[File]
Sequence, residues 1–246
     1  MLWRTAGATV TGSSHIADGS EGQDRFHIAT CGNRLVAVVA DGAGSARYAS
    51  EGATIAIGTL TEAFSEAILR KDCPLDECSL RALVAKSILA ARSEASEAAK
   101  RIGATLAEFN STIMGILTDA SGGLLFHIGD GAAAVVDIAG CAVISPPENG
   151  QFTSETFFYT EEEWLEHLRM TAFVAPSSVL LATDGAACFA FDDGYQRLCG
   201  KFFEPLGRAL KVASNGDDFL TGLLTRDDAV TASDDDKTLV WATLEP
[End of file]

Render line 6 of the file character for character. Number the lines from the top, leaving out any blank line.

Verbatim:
   201  KFFEPLGRAL KVASNGDDFL TGLLTRDDAV TASDDDKTLV WATLEP